Over the years of the franchise, the initial roster of twelve iconic characters has expanded to over 35 mostly originals. Combatants like Raiden, Sub-Zero, and Scorpion have managed to remain poster boys for gaming for almost three decades now, and their appearance in the likes of Injustice II, and several other titles over the years have cemented their place as industry household names.
Whether you’re a fan of the revolutionary graphic style of the original games, or the merciless gore of the likes of Mortal Kombat X, it’s difficult to argue Injustice II’s case after considering the legendary Midway Games series.
In terms of fight dynamics, very few can come close to the Street Fighter games. From their very inception, they offered players a smoother fighter experiencing, and the potential for combos, breakers, and special moves only adds to the enjoyment. Of course, this style has evolved over the various editions of the game but thankfully the designers have remained true to their original artwork, and all the games have a very similar feel. Those who excelled at SF II, won’t struggle to transition to latest games in the series.
Then there are the characters. Each so lusciously designed that they’re identifiable from their silhouettes alone. There’s all the makings of a great line up too: a government experiment gone wrong, a Navy Seal, and a Russian megalomaniac, to name but a few.
Street Fighter games are a bench mark in the gaming industry, and represent one of the most success franchises ever – even if they did have that awful movie with Jean Claude Van Damme. If Mortal Kombat lacked in gameplay, or the art style was just too graphic, then a solid argument can easily be made for several of the games within the Street Fighter franchise to take the crown of best fighter ever made.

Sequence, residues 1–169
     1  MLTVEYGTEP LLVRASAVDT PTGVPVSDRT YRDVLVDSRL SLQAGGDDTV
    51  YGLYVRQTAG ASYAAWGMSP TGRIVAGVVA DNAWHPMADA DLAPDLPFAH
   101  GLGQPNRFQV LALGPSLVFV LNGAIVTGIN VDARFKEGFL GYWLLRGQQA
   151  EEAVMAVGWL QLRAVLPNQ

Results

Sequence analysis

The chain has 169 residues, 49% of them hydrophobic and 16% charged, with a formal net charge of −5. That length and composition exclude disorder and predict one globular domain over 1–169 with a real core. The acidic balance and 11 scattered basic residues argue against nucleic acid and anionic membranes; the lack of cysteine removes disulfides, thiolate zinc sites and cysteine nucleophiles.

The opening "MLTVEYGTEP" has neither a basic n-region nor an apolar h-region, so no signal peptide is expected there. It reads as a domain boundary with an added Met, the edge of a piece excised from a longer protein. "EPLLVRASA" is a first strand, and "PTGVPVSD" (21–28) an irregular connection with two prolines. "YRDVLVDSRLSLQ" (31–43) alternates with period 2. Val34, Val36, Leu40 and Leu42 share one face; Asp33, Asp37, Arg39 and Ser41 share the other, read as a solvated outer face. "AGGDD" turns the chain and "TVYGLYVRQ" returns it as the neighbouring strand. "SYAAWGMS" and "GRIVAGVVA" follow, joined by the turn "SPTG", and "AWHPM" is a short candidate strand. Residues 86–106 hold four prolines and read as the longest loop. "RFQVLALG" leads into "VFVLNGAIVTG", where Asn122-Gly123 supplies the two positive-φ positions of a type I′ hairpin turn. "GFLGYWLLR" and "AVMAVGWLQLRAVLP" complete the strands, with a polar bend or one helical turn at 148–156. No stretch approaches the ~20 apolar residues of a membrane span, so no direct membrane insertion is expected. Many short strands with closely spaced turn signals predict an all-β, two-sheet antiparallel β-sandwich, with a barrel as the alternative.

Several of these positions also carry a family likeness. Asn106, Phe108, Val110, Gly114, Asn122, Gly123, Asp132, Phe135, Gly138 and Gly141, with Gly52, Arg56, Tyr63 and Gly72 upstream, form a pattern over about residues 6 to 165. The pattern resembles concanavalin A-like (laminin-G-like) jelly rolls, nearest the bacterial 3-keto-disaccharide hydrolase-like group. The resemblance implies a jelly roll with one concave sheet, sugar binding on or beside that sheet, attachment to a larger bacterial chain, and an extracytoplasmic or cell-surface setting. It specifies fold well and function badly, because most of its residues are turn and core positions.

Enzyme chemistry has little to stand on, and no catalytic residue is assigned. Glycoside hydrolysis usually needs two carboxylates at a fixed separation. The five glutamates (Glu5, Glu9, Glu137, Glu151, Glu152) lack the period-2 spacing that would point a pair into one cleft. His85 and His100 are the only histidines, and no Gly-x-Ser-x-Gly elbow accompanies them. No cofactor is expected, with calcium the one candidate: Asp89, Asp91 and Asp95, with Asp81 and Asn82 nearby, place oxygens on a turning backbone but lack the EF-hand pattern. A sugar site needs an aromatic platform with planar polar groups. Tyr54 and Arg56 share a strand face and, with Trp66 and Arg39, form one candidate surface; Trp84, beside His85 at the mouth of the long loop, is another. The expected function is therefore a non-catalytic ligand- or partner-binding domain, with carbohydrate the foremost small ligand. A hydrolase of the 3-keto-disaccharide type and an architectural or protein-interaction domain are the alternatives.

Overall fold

Compared with our other offerings, Tekken is something of a late bloomer. That’s not to say it hasn’t paid its dues though. Now on its seventh installment, like Injustice’s other major competition, Tekken has a cult-like following.
The fighting style is entirely different here again, with a full three-dimensional take on movement. This creates a game that is distinct from the competition it’s up against today. You’ll not find quite the same level of supernatural powers amongst the roster as in many other fighters either, several of the move sets featured are inspired by distinct real-world martial art styles. Particularly amusing is that of the drunken boxing master, Lei Wulong who periodically tops his buzz up whilst delivering a barrage Kung-Fu attacks inspired by the Jackie Chan classic movie, The Legend of Drunken Master. Tekken is all about throws, combinations, and slams rather than spitting acid, and “psycho crushers”.
Whilst the characters are arguably less iconic those of SF and MK, Tekken’s universe still includes some awesome combatants. Take Yoshimizu, King, or Eddie Gordo for example. Between those three you’ve a professional wrestler with the head of a jaguar, a break dancing mixed martial artist, and a space ninja. One more time in case you missed that – a freaking space ninja!
So, which is the best fighter ever?
Realistically, that’s going to depend on your own point of view, and ultimately your tastes. If you love DC Comics, and think Mortal Kombat was needlessly violent but loved its gameplay, Injustice II could well become your favorite ever fighting game. It’s a great game with loads of replay value, and as with many Warner Bros titles, a compelling storyline backs the action. The inclusion of RPG-like elements adds a nice twist for a fighter, and the team have gone to town on designing each character’s super moves. All told, it’s a great fighting game – the absolute best? Probably not.
It’s hard to dismiss the competition. You’ve got games that have spent almost three decades refining their craft, adding depth to their characters, and creating worlds that their fans will find very difficult to turn theirs back on. Ultimately, which is the best fighter ever doesn’t even matter. Which do you like playing most? As long as you’ve got someone to grab the other controller from time to time, does it even matter?